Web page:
The Yankee Trader in World Markets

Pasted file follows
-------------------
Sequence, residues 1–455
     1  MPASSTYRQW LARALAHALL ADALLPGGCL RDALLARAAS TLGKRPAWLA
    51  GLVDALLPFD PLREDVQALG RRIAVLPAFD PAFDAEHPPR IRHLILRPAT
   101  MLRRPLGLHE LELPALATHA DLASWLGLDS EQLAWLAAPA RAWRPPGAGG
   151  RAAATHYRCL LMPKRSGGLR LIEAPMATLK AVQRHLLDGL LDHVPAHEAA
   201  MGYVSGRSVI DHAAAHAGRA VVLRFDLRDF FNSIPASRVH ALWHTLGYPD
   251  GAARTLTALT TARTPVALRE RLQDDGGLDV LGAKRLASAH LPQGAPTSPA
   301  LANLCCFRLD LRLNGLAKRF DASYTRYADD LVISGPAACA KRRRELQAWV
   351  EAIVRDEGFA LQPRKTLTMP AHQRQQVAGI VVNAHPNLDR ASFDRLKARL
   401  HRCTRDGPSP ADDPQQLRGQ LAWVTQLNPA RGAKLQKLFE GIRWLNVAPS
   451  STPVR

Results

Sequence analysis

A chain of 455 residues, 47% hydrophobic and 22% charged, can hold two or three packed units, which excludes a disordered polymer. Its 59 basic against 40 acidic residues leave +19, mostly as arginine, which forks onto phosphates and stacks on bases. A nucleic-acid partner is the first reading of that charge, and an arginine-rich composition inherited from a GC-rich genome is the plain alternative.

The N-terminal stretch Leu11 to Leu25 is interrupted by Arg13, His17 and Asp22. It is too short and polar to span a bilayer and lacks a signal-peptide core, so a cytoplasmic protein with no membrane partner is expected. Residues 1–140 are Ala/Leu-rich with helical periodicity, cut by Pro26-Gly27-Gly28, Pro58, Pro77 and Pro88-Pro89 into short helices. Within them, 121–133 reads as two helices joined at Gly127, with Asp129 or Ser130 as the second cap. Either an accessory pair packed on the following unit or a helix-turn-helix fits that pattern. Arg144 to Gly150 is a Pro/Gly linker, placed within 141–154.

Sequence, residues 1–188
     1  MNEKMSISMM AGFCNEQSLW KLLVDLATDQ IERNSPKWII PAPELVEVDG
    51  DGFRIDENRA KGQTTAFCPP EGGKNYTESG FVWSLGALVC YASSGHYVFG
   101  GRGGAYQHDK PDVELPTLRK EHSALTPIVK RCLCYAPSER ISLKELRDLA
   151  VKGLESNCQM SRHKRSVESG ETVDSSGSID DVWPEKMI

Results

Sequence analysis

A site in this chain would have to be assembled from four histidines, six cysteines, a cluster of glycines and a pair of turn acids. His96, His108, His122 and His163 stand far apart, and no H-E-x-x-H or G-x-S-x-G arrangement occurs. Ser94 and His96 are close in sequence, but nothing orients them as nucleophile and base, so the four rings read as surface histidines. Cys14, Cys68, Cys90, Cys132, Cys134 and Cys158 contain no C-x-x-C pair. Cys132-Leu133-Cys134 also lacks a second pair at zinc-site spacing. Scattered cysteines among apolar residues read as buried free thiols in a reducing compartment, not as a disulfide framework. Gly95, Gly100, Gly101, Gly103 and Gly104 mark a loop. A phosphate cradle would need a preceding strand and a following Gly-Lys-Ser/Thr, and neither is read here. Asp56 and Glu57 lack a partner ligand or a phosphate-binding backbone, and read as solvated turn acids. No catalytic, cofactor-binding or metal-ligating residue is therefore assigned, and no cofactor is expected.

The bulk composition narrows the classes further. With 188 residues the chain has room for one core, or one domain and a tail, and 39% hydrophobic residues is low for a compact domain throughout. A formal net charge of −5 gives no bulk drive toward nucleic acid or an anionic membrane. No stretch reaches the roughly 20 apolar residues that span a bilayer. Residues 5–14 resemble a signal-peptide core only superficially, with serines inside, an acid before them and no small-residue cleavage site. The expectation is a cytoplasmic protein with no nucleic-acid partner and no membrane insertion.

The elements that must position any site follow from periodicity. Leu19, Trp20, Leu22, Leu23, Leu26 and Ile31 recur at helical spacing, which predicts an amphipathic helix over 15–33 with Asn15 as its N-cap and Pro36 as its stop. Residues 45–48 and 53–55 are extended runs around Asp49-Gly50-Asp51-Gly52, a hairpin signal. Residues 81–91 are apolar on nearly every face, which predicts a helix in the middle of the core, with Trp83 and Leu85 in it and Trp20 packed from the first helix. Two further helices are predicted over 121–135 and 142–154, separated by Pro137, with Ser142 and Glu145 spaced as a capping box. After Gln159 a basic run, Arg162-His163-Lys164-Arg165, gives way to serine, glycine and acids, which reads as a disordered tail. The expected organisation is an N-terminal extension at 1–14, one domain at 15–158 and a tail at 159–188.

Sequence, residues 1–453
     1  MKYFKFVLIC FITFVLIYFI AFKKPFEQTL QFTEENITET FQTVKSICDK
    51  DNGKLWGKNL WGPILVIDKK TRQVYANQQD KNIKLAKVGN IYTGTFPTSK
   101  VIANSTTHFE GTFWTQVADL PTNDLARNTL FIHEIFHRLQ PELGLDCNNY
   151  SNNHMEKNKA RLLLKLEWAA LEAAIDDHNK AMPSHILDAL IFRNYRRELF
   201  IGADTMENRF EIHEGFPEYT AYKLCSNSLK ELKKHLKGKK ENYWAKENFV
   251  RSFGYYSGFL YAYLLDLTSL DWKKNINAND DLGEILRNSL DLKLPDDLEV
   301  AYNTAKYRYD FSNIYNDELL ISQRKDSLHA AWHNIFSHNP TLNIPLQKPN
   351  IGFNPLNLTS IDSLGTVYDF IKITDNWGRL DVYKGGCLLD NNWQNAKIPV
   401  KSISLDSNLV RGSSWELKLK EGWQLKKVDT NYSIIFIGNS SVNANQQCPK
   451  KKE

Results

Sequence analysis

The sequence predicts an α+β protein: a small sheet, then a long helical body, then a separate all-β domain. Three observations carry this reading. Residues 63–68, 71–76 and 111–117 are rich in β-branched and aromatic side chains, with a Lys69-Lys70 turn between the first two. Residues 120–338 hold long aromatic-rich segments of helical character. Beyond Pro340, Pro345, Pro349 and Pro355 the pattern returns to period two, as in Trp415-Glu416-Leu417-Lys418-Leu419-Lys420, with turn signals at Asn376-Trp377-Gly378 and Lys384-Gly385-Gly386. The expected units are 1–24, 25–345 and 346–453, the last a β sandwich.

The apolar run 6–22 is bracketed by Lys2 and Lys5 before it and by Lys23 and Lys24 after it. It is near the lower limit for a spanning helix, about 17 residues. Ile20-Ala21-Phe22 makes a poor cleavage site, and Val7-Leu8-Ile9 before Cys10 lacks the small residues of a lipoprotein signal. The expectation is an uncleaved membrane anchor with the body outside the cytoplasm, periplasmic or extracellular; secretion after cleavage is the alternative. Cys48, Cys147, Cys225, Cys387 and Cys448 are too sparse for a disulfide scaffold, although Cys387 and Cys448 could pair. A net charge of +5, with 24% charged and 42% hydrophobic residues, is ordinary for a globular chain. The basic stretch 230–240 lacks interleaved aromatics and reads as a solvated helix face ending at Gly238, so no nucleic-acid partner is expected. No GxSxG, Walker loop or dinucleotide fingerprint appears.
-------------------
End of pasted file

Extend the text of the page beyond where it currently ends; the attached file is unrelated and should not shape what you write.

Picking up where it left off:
With its economic preeminence under challenge and slipping in the 1970s, the United States turned toward a more belligerent international trade policy. Under Section 301 of the Trade and Tariff Act of 1974, the president, acting as prosecutor, judge, and jury, could seek redress against any nation violating “the rights of the United States under any trade agreement” and retaliate against any foreign activity that is “unjustifiable, unreasonable or discriminatory…and burdens or restricts United States commerce.” Among the new trade weapons were the “orderly marketing agreements,” reached with South Korea, Hong Kong, and Taiwan in 1973 to put “voluntary” restraints on their exports of cotton and synthetic textiles to the United States; in 1981 Japan agreed to slow its automobile exports. When a General Agreement on Tariffs and Trade meeting in 1982 was adjourned without agreement on a new round of negotiations because of European resistance to U.S. proposals, the United States announced that henceforth it would expand trade on a “two-track” approach—reaching bilateral agreements with individual countries while at the same time pursuing multilateral accords to achieve an open trading system. This move toward bilateralism led to the 1984 Caribbean Basin Initiative granting trade preferences to countries in the region, a trade pact with Israel a year later, and the Canada–United States Free Trade Agreement (1988), extended to Mexico in 1994 by the North American Free Trade Agreement (NAFTA).